Type 1 diabetes (T1D) results from a T cell mediated destruction due to a breach in immune tolerance towards insulin producing β-cells, leading to an absolute insulin deficiency. To date, the pathogenesis of the disease is not fully understood and exogenous insulin still represents the gold standard as therapy. It is believed that in some genetically predisposed individuals environmental factors can lead to a breakdown in immunological tolerance. T regulatory cells (Tregs), a specialized subpopulation of T cell, are the major components of peripheral tolerance mechanisms due to their ability to restrain autoreactive effector T cells. Interestingly, microRNAs, small non-coding RNAs that negatively regulate gene expression, are emerging as crucial modulators of immune cell functions and their deregulation has been associated with autoimmune disease like T1D, thus representing major players in the regulation of immune homeostasis. Against this background, characterizing microRNA expression in Tregs deriving from tissues close to target organ in T1D patients will be crucial to gain a deeper insight into immune deregulation. Interestingly, microRNAs have also been detected extracellularly in biological fluids, thus representing new potential disease biomarkers. The need of new biomarkers in the field is underlined by the complexity and heterogeneity of T1D with the clinical presentation being preceded by a long asymptomatic phase in which most β-cells are destroyed. Moreover, immunomodulatory trials in T1D, although having failed their primary endpoints, have identified through post-hoc analysis subgroups of patients for whom interventions were beneficial. Therefore, the identification of new biomarkers would help to specifically select patients that would benefit from specific immunotherapies. Thus, the main purpose of this work was to gain insight into the microRNA regulation occurring in Tregs residing in the pancreatic draining lymph nodes (PLN) of T1D patients and to establish circulating microRNAs as new biomarkers in diabetes autoimmune prone mice in order to monitor the lymphocyte mediated inflammatory state in the pancreas and to predict therapeutic responses in an Ag-specific combination therapy. Tregs circulating in the peripheral blood are likely to differ from those residing in the LN draining the organ targeted by an autoimmune response, indeed a previous finding showed that only Tregs deriving from PLN of T1D patients have an impaired regulatory activity in vitro. Therefore, in the first project (Chapter 4) we investigated the microRNA expression profile in Tregs isolated from blood and PLN of patients with T1D and non-diabetic subjects. Among the 72 microRNAs detected in purified cells, miR-125a was highly expressed only in Treg cells purified from PLN of patients with T1D. Bioinformatic analysis of the target genes revealed CCR2 as a possible gene modulated by miR-125a. Accordingly, elevated miR-125a levels were detected in Tregs isolated from the PLN but not from the peripheral blood of donors with T1D and it was associated with a reduced CCR2 expression. A specific β-cell expression of the CCR2 ligand CCL2 (MCP1) was also observed in the pancreata of multi-organ donors, suggesting that β-cells are prone to attract CCR2+ Tregs. These data showed a reduced expression of CCR2 on Tregs deriving from PLN of T1D patients; this Treg status may limit their migration and eventual function in the pancreas. In the second project (Chapter 5) we aimed to investigate whether circulating microRNA alterations could reflect the pathologic process within the specific diseased tissue. Indeed, we identified miR-409-3p, a miRNA that negatively regulates the expression of IFNγ, as downregulated in both plasma and pancreatic lymphocytic infiltrates of recent-onset diabetic vs. normoglycemic NOD mice. Furthermore, we showed that circulating miR-409-3p plasma levels negatively correlated with in situ IFNγ expression in islet-infiltrating cells both in basal condition and following a therapeutic intervention with anti-CD3 treatment, thus highlighting the potential role of miR-409-3p as a biomarker of islet inflammation. Finally, we confirmed miR-409-3p downregulation in plasma samples derived from newly-diagnosed T1D patients vs. age-matched controls, indicating a possible application of circulating miR-409-3p as biomarker in order to monitor IFNγ mediated islet inflammation. The host lab previously showed that a combination therapy consisting of a 5 day course of anti-CD3 antibodies at disease onset along with a 6 weeks oral administration of live genetically modified Lactococcus lactis (L. lactis) producing human proinsulin and IL-10, restored durable normoglycemia in approximately 60% of NOD mice. Even though L. lactis therapy was successful in the reversal of autoimmune diabetes in around 60% of NOD mice, 40% of them were nonresponsive to therapy. The route to bring this successful antigen-based therapy from preclinical models to clinic will depend on implementation of biomarkers and profound understanding of diverse mechanisms underlining therapeutic success. Therefore, the aim of the third project (Chapter 6) was to establish whether circulating microRNAs could be used as predictor biomarkers for therapeutic response. Indeed, we found a circulating microRNA signature consisting of 6 microRNAs that were specifically upregulated at disease onset in non-responders mice. Moreover, the combination of 2 microRNAs were able to distinguish with good specificity and sensitivity. responder and non-responders at diabetes onset, thus emerging as a valuable tool to tailor this intervention therapy towards a more effective clinical study. Moreover, bioinformatics target analysis of the circulating microRNAs differentially expressed between responders and nonresponders in the plasma after treatment course, highlighted pathways related to the metabolic status of T cells, suggesting the induction of a T cell exhausted phenotype in responder mice. To conclude, this PhD project demonstrated the importance of assessing microRNA regulation in Tregs deriving from tissue sites close to the organ targeted by the autoimmune attack, as it differs from circulating Tregs. Moreover, plasma circulating microRNAs appear to be promising novel biomarkers in order to: i) monitor IFNγ mediated islet inflammation ii) predict therapeutic response and understand the tolerance induction mechanisms induced by L. lactis-combined therapy. Molecular understanding of Tregs function in the site of the autoimmune attack together with the discovery of new circulating biomarkers will surely help to monitor T1D progression and enhance the effective translation of this Ag-specific L.lactis intervention therapy in future clinical trials.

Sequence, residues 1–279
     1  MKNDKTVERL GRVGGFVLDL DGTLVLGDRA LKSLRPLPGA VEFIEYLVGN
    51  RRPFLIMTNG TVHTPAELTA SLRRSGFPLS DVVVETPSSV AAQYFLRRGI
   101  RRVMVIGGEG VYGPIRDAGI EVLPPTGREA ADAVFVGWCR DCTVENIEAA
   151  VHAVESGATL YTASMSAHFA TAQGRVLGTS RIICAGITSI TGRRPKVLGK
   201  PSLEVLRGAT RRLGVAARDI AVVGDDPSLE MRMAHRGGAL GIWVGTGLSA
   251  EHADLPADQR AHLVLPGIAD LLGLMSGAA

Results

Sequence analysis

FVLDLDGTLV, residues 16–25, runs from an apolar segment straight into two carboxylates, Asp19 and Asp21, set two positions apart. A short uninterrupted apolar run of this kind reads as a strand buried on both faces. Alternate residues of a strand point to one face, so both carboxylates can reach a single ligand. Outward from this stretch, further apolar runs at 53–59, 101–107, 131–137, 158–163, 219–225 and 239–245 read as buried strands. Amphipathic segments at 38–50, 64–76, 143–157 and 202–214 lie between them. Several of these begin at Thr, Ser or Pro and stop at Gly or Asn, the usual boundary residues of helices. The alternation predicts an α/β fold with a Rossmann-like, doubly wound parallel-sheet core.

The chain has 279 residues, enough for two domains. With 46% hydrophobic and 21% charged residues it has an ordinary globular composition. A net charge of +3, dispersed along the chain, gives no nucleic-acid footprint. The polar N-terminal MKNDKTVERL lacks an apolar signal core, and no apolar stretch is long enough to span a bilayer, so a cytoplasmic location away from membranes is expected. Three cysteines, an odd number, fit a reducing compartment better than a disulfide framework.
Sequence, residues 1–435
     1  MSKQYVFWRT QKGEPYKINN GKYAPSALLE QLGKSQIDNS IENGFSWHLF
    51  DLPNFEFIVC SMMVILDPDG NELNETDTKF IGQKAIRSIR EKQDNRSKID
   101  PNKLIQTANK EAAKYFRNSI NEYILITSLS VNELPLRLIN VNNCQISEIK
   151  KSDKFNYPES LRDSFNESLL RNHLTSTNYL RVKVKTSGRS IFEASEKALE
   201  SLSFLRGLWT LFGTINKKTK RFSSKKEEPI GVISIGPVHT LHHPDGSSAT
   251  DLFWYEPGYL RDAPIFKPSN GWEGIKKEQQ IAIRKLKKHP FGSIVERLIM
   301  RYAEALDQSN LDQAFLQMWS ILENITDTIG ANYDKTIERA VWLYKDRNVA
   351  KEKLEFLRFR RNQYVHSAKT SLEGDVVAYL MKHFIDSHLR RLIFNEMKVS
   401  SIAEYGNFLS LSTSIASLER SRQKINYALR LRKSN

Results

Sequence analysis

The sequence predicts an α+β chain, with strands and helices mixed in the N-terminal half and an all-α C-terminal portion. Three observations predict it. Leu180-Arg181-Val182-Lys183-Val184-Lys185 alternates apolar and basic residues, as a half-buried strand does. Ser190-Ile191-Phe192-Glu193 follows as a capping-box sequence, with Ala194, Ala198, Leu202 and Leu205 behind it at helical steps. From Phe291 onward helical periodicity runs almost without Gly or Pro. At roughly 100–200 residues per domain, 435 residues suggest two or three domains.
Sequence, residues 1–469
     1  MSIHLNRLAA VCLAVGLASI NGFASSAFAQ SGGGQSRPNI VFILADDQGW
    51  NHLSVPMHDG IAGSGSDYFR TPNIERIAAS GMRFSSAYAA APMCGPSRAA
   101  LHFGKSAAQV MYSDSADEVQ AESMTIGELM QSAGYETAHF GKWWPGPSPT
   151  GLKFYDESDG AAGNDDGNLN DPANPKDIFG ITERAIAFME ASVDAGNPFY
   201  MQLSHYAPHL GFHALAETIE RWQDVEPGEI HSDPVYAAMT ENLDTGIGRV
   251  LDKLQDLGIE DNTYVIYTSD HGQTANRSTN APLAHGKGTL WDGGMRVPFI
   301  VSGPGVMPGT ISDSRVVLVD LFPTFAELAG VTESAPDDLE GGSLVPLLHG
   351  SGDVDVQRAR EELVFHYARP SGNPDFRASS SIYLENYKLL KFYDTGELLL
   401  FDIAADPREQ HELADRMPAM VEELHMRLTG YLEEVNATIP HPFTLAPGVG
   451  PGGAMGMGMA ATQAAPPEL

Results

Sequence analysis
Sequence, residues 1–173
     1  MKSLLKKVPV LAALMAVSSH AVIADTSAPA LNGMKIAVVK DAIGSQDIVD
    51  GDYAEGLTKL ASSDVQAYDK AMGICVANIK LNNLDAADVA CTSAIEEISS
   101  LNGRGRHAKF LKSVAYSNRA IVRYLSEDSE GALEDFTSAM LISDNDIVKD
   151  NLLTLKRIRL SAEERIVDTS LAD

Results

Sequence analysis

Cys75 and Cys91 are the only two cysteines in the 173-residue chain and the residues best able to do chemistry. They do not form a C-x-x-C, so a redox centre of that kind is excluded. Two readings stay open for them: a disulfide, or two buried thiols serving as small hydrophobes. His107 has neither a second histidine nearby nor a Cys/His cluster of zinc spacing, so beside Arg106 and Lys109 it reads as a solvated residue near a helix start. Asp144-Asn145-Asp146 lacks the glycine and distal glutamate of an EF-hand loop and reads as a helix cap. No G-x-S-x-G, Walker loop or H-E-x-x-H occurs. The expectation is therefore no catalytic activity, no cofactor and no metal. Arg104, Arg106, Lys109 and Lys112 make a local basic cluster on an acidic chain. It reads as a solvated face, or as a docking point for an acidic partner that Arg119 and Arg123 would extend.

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|Titolo:||Circulating microRNA as biomarkers of autoimmune type 1 diabetes – Assessing the relevance of a target organ specific microRNA signature in type 1 diabetes|
|Appare nelle tipologie:||8.1 Tesi Dottorato|